Of all the yard improvements I’ve made – flower boxes and flower beds and distributing pine needles to cover up the weeds on the front bank that’s too steep for me to mow – I think the Ace lawn ornament is by far my biggest achievement.

He is after all, the finest work of art I own, and I like to think – whether he’s up on his tree stump pedestal or just hanging out in the yard – he makes the bucolic little town of Bethania even more beautiful.

(Photo and video by John Woestendiek / ohmidog!)

 

A tree goes down, a tamale comes up

The sprucing up of Petite Acres — the trailer park in Arizona where I’ve temporarily hung my hat — continues.

In addition to paving the dirt road that leads into the trailer park, to keep the dust down, the owner hired one of my neighbors, Ramiro, to come over and remove a tree stump from my yard.

As Ramiro brought over his tools — an axe, a pick and multiple shovels — Ace followed him back and forth to his trailer, and, as he has before, got a hand out.

“I was feeding him some tamale and he ate the whole husk,” Ramiro said. “I hope it doesn’t make him sick.”

Clearly, Ace didn’t understand the intricacies of Mexican cuisine; then again, his policy when it comes to any food is generally to eat it first and ask questions later.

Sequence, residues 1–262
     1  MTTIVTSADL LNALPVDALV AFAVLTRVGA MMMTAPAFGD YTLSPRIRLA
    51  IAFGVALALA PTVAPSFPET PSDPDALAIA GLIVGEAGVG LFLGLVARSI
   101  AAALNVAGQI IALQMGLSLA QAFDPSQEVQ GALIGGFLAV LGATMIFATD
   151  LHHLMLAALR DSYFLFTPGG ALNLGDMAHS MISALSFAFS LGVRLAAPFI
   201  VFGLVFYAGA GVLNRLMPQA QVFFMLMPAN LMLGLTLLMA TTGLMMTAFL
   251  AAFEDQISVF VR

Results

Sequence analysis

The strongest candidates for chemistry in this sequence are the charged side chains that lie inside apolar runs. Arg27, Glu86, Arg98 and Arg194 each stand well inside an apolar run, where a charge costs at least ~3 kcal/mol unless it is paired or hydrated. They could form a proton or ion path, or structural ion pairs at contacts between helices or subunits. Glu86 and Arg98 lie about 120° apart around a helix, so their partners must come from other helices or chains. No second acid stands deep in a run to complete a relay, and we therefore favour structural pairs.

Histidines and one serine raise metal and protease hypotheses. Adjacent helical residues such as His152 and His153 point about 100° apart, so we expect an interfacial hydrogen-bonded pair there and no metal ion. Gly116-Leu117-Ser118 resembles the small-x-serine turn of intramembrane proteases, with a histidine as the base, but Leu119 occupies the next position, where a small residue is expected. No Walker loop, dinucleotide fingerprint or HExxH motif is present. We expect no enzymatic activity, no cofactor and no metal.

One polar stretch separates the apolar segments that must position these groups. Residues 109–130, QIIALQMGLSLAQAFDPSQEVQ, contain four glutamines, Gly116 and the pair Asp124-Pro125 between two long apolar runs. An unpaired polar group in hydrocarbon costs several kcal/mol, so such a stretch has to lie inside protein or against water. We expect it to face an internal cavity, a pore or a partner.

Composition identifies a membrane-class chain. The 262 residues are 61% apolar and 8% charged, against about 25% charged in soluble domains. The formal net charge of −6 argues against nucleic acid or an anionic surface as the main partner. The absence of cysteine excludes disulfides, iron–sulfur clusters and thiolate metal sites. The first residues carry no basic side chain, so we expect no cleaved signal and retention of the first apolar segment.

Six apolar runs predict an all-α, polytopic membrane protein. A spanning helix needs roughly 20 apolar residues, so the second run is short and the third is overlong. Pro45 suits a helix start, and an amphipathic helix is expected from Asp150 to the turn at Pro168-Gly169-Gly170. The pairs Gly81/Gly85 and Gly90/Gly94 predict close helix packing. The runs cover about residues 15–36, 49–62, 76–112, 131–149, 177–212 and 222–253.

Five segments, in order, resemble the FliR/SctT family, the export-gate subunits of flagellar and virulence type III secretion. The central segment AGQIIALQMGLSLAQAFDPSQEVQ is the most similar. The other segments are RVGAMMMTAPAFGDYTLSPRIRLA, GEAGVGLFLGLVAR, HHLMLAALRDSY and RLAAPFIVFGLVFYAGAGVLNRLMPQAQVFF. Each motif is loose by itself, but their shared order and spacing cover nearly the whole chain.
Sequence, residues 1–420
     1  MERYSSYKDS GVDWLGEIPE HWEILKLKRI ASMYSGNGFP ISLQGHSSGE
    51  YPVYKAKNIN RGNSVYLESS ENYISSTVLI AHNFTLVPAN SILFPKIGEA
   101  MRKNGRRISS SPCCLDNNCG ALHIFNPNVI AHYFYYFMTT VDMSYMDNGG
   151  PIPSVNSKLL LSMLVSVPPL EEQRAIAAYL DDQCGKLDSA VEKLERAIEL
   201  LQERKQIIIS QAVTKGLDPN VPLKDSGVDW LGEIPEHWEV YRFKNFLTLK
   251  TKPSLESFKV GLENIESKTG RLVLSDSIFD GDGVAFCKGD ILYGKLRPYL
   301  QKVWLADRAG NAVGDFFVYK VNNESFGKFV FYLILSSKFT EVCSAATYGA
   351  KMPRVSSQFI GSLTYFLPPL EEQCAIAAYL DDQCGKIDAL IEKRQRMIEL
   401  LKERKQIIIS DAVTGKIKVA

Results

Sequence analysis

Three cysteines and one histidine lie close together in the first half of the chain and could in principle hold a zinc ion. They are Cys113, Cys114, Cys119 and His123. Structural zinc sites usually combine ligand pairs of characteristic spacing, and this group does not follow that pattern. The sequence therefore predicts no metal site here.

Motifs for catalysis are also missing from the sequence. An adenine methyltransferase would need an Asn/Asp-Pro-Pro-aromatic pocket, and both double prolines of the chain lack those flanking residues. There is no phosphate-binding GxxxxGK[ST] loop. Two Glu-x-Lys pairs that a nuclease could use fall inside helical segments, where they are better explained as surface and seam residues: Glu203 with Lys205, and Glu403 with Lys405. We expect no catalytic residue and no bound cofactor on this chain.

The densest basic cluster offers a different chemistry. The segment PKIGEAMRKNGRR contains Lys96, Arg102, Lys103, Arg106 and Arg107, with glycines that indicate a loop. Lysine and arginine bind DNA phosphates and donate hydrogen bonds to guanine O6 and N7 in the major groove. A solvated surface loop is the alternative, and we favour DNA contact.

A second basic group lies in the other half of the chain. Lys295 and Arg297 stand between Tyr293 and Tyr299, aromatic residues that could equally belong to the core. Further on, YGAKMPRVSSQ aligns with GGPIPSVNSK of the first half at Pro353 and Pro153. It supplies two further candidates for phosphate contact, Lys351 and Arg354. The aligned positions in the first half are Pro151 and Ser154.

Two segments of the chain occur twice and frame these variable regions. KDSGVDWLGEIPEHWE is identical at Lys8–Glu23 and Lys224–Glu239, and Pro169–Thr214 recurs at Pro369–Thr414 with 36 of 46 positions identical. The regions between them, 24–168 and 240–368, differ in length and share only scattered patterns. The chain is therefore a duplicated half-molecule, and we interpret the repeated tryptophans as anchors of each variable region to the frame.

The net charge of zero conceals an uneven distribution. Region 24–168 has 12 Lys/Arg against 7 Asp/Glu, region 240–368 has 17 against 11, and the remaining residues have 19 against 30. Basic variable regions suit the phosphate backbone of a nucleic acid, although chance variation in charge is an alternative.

Six hours later, about the time the tree finally came down, the tamale came up. Ace walked to the trailer door and started hacking, and got down the stairs just in time to cough up a corn husk.

Simultaneously, Ramiro, who had spent six hours digging and chopping roots, was heaving, too – throwing all his weight on the the six-foot-tall stump, which slowly toppled as he rode it down.

I’m not sure why the stump had to be removed. It takes up much more of my dirt yard now that it’s horizontal instead of vertical, but I’m sure someone will be chopping it up and hauling it away, and filling the giant hole in the ground.

I’d thought it would be cool to leave the stump standing, and paint it to resemble a cactus.

But, being a temporary resident, my vote didn’t count.

Ramiro probably didn’t care either way about the stump in my yard, but once he tackled the task, it became a battle he had to win — and all done without the aid of heavy equipment. It was man versus stump.

Ramiro proudly took a picture of the tree he’d singlehandedly brought down. I took a picture of what Ace coughed up. Then, at Ramiro’s request, I took some pictures with his cell phone camera of him standing atop the fallen tree truck, raising his arms in victory.

All in all, as they go, it was a pretty exciting day at Petite Acres.

Big dog dwarfed: Ace among the redwoods

John Steinbeck’s French-born poodle, Charley, had little reaction to the giant redwood trees of southern Oregon and northern California – much to the chagrin of the author whose path we have been following for the past three months.

Based on what he wrote in “Travels with Charley,” seeing his dog make “his devoirs” — “devoirs” being French for “paying respect,” and paying respect being Steinbeck’s euphemism for peeing — was clearly important to him.